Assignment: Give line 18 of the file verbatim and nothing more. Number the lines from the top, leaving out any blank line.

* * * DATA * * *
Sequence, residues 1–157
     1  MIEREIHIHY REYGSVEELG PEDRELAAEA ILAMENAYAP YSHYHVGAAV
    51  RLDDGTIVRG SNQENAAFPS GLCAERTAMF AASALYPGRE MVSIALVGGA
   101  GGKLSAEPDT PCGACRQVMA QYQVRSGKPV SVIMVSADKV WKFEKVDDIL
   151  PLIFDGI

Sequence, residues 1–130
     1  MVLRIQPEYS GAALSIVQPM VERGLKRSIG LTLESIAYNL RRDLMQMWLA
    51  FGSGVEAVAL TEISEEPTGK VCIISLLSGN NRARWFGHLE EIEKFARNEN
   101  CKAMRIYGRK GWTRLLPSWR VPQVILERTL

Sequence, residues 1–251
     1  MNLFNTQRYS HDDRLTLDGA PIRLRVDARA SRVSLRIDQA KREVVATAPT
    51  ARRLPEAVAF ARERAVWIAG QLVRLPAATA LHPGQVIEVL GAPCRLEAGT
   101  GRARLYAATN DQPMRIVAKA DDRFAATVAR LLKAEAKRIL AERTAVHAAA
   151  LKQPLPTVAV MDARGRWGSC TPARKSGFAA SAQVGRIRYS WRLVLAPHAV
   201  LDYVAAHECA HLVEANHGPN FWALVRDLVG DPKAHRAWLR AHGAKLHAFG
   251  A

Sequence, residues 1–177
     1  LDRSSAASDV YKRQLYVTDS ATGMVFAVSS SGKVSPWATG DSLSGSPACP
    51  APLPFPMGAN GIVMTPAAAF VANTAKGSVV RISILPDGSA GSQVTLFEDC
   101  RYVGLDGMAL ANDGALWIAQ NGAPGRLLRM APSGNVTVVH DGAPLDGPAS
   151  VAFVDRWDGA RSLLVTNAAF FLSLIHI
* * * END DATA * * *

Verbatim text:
     1  LDRSSAASDV YKRQLYVTDS ATGMVFAVSS SGKVSPWATG DSLSGSPACP